Ustad Vilayat Khan ( Aug 28, 1928 – Mar 13, 2004) was one of India's well known sitar maestros. Along with Ravi Shankar, Ali Akbar Khan, Nikhil Banerjee and his younger brother Imrat Khan, Vilayat Khan was one of the great pioneers who introduced Indian Classical Music to the West. Widely regarded by many as the greatest sitarist of his generation, he recorded his first 78-RPM disc at the age of 8, and gave his last concert in 2004 at the age of 75.
Vilayat Khan was born in Gauripur, British India. His father Enayat Khan was recognised as a leading sitar and surbahar (bass sitar) player of his time, as had been the grandfather, Imdad Khan, before him. He was taught in the family style, known as the Imdadkhani Gharana or Etawah Gharana, after small city close to Agra where Imdad Khan lived.
However, Enayat Khan died when Vilayat was only nine, so much of his education came from the rest of his family: his uncle, sitar and surbahar maestro Wahid Khan, his maternal grandfather, singer Bande Hassan Khan, and his mother, Bashiran Begum, who had studied the practice procedure of his forefathers. His uncle Zinde Hassan looked after his riyaz (practice). As a boy, Vilayat wanted to be a singer; but his mother, herself from a family of vocalists, felt he had a strong responsibility to bear the family torch as a sitar maestro.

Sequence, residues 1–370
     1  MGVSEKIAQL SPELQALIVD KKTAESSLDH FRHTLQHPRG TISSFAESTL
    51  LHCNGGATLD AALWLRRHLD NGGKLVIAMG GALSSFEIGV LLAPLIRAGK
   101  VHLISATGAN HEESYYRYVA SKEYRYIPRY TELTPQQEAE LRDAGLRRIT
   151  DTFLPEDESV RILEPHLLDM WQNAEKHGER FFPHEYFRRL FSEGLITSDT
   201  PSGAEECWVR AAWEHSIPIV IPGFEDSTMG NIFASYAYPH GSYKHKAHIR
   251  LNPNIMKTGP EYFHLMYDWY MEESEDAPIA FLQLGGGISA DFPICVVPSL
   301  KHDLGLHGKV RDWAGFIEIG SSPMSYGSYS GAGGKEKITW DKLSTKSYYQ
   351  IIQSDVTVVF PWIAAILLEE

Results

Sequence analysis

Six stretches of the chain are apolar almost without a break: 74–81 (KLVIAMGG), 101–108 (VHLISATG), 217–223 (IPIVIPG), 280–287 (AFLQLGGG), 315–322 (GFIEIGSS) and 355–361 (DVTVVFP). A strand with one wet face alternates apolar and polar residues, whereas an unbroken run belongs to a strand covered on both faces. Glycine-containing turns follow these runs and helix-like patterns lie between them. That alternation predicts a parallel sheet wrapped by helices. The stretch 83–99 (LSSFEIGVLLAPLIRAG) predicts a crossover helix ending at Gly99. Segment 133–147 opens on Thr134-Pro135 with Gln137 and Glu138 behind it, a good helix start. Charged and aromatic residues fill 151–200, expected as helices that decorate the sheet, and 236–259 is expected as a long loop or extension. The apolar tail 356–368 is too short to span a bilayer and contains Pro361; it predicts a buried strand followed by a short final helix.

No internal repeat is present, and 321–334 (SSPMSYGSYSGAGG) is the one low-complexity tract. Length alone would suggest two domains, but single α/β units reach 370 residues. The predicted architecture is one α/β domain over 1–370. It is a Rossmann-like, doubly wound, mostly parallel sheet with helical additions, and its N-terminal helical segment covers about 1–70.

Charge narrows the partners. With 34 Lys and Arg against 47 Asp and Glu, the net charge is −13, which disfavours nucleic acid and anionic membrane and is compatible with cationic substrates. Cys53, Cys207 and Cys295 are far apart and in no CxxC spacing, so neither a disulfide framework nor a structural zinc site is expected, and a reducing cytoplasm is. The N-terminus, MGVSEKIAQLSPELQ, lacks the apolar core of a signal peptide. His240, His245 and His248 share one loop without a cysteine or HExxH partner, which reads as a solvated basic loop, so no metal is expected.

Vilayat Khan performed at All Bengal Music Conference, as his first concert, organized by Bhupen Ghosh in Kolkata with Ahmed Jan Thirakwa on tabla. His performance at the concert organized by Vikramaditya Sangeet Parishad, Mumbai in 1944 drew the headline "Electrifying Sitar". In the 1950s, Vilayat Khan worked closely with instrument makers, especially the famous sitar-makers Kanailal & Hiren Roy, to further develop the instrument. Also, he liked to perform without a tanpura drone, filling out the silence with strokes to his chikari strings.
Some ragas he would somewhat re-interpret (Bhankar, Jaijaivanti), others he invented himself (Enayatkhani Kanada, Sanjh Saravali, Kalavanti, Mand Bhairav), but he was first and foremost a traditional interpreter of grand, basic ragas such as Yaman, Shree, Todi, Darbari and Bhairavi.
When he died from lung cancer in 2004, Vilayat Khan had been recording for over 65 years, broadcasting on All India Radio almost as long and been seen as a master (ustad) for 60. He had been touring outside India off and on for more than 50 years, and was probably the first Indian musician to play in England after independence (1951). In the 1990s, his recording career reached a climax of sorts with a series of ambitious CDs for India Archive Music in New York, some traditional, some controversial, some eccentric. Towards the end of his life, he also performed and recorded sporadically on the surbahar. He has performed duet concerts with maestros like Bismillah Khan, Ali Akbar Khan, and brother Imrat Khan.
Khan composed and conducted the score for three feature films - Satyajit Ray's Jalsaghar (1958) in Bengali] Merchant-Ivory Productions' The Guru (1969) in English, and Madhusudan Kumar's Kadambari (1976) in Hindi. In addition to these, he also gave music for a little-known documentary film in Bengali produced by Dr. Barin Roy. For Jalsaghar he won a Silver Medal for Composing at the 1st Moscow International Film Festival.